There are an abundance of recruitment companies across the UK. Therefore, there are also an array of recruiters for which job seekers can work with in their attempts to get the new job they are looking for. However, even though all recruitment consultants have the same end objectives, to place a candidate in a job, so they can receive their fee, the way a candidate is placed varies significantly between the many recruiters in the country. Even though there are many different approaches that can be taken that can lead to success ultimately, there are some traits which separate the best consultants from the rest. Here are a few of them:
1) Clear communicator and good listener.
The most obvious trait of a good recruiter is that they must be a good communicator. This means that they must be able to explain everything a candidate needs to know about a job opening, as well as being able to consult with clients clearly, so they know exactly the sort of candidate they are looking for. Clear communication is also paramount when arranging interviews, so there is no confusion when it comes down to times and dates. Furthermore, being a good talker is not the only trait required, with listening also a vital skill for consultants. They must be able to listen to their clients, so they are fully aware of what they are expecting from them, while they must also be able to listen to candidates and what exactly they are looking for to determine their suitability to a specific job role.
2) Knowledgeable about the client and the job role.
One trait that can separate some consultants from others is their level of knowledge of the client they are representing, as well as the industry they are looking to recruit in. If a recruiter shows deep understanding of the industry they are working on, it will give candidates more confidence that they will be able to get them the job they are looking for. Likewise, it will convince potential clients that they are recruiters that they can trust to work on their roles and bring them the correct calibre of candidates. Similarly, if a recruiter has a clear understanding of the client they are working with, which can be backed up by growth figures, it will give a positive impression to candidates, and it may increase the chances of impressive candidates being persuaded that their company is one they will thrive in.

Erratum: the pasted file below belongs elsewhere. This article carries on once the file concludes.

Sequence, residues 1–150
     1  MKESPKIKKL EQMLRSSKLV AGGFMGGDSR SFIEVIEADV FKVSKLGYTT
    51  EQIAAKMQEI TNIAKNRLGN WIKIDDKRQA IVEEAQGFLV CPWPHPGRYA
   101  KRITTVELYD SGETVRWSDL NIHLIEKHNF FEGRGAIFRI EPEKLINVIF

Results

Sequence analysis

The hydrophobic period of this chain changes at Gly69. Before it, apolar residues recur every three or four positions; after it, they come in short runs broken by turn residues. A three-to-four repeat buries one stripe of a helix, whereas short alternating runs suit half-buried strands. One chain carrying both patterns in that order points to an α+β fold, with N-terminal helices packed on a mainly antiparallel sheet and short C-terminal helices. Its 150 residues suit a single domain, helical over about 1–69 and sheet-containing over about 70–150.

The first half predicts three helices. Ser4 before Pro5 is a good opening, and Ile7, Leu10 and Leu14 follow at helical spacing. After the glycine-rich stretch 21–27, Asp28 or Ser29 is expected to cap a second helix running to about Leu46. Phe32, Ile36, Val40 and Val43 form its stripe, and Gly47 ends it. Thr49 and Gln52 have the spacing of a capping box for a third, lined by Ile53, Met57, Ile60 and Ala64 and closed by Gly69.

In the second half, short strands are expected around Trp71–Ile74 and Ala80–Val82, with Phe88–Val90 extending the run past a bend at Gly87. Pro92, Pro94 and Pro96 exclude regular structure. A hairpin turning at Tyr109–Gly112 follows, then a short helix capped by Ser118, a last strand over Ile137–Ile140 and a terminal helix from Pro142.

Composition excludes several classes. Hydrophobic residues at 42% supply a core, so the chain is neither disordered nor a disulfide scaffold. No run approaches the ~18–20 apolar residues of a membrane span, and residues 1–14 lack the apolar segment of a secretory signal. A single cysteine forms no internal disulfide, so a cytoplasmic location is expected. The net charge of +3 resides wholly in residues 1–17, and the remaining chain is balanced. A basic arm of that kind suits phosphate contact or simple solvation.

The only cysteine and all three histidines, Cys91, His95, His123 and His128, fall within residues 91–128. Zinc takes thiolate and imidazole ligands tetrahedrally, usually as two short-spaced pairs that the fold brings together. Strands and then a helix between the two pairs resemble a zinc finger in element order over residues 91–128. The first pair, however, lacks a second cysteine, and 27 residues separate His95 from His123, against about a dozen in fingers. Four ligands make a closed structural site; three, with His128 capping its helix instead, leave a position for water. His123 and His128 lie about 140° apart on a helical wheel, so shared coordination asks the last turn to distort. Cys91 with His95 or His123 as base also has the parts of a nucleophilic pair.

3) Transparent and honest throughout the process.
It is vitally important that recruiters are honest and transparent throughout the entire recruitment process. This must start right at the beginning, where recruiters must make it clear what a particular job will entail, and they must raise any initial concerns they may have regarding suitability to a role. Some recruiters will just send over CV’s to clients in their desperation to make placements, but the best recruiters are completely transparent with candidates, and make sure they are ideally suited to a role, before any CV’s are sent over. It is better to rule a candidate out of the process early on, if later problems are forecasted, than waiting until the closing stages of the process to realise that it was never going to work. Being honest with both clients and candidates is not only the ethical way to behave, but it will also save everyone involved in the hiring process a lot of time later down the line.
4) Manage expectations of candidates.
Managing the expectations of candidates is also important during the hiring process. There will be certain points in the process where a job offer will look likely, but it is the job of a recruiter to ensure that a candidate does not get ahead of themselves, meaning they jeopardise their chances of landing the job. As long as a recruiter makes it clear to a candidate that there is still a lot of work to do, it should keep their feet on the ground, and retain their focus on what needs to be done to close for a job offer. Moreover, not over-emphasising the growth potential job roles offer if you were to enter a company is also imperative. If you make the growth potential sound better than the reality, it may lead to the candidate leaving soon after arriving in the business, meaning everyone involved loses out.